So, take these two points and do a little arithmetic. If you have to eat twice as many slices of the commercial
convenience bread to get close to the fulfilment that a single slice of tasty sourdough or other Real Bread gives you, and if you routinely find yourself binning the remnants of your loaf because you bought fresh on your weekly shop, then you will be amazed to see that we are not that far off the mark price wise.
Also, stop and ask yourself just once why it is acceptable to pay 70p or £1 for a snack bar or such like, or even £2 or so for a slice of cake, but it isn’t to pay just a little more than that for a beautiful hand-crafted loaf to feed your family and actually put a smile on their faces.

So where does that leave us? After 6 years of growing The Thoughtful Bread Company and developing our reputation, I am embarrassed by how little bread we sell in the week to Bath’s residents and those that commute to work in our city.
This has a very real knock-on effect. I can’t afford to pay my bakers what their hard work deserves. Consider for a minute that as bakers, we work when you sleep, and our busiest times of the year are when you are on holiday such as Easter or Christmas. And all this for less than most could earn dishing out burgers at a fast food joint.

Perhaps this is why one of our lifelines for recruiting fresh new bakers has dried up. City Bristol college and others have now stopped running their bakery apprenticeships amidst government shake ups over how apprenticeships are run.

So, we are left with the very many avid Great British Bake Off watchers and home bakers, many of whom contact us each week about working for us. I usually respond asking them whether they could cope with 30 degree heat, 10 hour shifts and 25Kg sacks of flour, and most don’t follow up their vacancy enquiries.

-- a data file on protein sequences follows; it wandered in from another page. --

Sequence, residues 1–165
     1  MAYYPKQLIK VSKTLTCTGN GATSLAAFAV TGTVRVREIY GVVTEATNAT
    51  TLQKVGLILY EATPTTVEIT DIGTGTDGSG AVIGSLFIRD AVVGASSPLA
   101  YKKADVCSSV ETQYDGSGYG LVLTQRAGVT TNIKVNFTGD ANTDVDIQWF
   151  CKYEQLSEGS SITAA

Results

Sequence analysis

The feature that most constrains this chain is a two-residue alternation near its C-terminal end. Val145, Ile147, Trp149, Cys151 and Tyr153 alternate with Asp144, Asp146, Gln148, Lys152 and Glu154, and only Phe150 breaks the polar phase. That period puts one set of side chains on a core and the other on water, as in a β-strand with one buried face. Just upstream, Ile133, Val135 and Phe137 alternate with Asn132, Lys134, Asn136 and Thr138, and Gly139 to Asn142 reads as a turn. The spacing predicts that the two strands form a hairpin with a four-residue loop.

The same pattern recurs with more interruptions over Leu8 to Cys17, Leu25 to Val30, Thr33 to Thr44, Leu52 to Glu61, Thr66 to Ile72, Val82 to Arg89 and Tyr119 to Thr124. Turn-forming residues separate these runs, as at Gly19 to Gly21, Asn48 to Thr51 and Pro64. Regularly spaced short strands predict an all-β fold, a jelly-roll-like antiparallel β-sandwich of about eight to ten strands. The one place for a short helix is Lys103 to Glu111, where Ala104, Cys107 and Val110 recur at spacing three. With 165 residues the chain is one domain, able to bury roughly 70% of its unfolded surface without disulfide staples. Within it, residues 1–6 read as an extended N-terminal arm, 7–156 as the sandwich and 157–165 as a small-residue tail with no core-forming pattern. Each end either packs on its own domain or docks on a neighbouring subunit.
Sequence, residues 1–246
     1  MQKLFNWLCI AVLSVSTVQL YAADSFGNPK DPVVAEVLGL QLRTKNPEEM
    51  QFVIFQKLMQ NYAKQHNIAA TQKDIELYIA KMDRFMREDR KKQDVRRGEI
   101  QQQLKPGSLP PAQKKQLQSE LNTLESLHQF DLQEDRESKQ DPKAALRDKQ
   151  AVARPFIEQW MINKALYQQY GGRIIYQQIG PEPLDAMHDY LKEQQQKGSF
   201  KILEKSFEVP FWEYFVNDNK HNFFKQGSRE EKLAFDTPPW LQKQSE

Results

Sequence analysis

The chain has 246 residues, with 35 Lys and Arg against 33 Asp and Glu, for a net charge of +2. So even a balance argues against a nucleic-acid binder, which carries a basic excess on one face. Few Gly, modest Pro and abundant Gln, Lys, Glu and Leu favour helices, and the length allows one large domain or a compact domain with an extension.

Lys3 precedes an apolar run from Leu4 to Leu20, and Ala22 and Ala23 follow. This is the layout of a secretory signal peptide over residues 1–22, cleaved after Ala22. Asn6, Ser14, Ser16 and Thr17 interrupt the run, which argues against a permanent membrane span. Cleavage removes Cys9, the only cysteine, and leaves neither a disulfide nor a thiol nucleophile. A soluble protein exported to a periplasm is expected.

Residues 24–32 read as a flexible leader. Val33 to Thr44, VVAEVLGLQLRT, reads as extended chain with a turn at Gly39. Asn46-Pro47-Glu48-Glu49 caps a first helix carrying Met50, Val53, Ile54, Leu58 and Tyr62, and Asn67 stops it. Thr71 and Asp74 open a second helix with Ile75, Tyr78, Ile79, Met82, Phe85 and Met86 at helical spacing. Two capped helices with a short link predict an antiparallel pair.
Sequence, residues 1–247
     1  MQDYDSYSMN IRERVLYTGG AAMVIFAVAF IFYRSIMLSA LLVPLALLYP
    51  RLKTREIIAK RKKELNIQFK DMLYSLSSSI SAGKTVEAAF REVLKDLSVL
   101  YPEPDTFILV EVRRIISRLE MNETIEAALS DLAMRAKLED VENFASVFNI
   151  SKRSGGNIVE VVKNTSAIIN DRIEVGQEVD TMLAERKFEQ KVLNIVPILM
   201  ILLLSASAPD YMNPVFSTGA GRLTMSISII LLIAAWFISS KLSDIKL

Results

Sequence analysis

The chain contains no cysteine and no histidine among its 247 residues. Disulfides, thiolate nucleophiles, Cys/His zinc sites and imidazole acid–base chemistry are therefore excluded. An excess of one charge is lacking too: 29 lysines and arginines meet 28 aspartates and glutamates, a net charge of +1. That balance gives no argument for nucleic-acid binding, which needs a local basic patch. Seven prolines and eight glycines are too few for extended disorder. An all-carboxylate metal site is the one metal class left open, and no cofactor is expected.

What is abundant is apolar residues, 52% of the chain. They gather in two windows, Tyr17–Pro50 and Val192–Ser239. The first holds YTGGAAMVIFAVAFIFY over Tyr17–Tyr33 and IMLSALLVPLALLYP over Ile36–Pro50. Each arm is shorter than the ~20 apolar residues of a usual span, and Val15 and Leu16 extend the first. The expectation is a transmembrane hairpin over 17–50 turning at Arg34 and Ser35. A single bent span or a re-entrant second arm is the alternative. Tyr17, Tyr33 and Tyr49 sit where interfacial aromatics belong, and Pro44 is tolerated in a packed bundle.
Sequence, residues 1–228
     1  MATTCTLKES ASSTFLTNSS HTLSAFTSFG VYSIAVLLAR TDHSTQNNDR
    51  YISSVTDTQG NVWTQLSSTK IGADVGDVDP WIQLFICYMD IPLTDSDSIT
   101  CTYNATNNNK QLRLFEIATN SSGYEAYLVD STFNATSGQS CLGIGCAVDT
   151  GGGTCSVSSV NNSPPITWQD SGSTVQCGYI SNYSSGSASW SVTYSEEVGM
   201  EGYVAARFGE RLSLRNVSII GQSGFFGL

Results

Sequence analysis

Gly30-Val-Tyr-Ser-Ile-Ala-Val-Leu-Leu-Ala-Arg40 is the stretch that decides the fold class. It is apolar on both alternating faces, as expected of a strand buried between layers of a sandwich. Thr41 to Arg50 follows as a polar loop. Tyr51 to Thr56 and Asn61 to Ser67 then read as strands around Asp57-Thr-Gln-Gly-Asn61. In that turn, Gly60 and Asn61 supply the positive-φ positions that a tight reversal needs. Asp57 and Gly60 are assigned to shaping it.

So, next time you buy a loaf of bread, spend your money wisely. Buy from a local bakery that makes Real Bread. The Real Bread campaign offer a great little postcode finder tool on their website which will help you locate bakeries that make bread the way bread should be made.

Other ways you can do your bit:

- In hoping that my rant has opened your eyes to what the big boys such as Warburtons, Hovis and the supermarket giants don’t want you to know, help fight the fight by becoming a member of the Real Bread Campaign. Your small membership fees goes towards their costs to help campaign for decent bakeries and lobby for changes so that us as consumers are given all the facts.
- Get baking! There is nothing more rewarding and satisfying that serving a delicious home baked loaf to your friends and family, and the looks on their faces as they say “you didn’t make that!” is something that will really mark you. Go on a bread making course if budget permits as learning side by side a seasoned baker will give you real confidence. Otherwise, pick up a book or scour the internet or youtube for free recipes. You won’t regret it.
- Share this article with people within your network by linking to it from your facebook profile, twitter or other social networks.

Thank you. Oh, and if you are not put off by the heat, the bags of flour and all the hard work we put into producing our breads, we are still recruiting!

Duncan
Founder, The Thoughtful Bread Company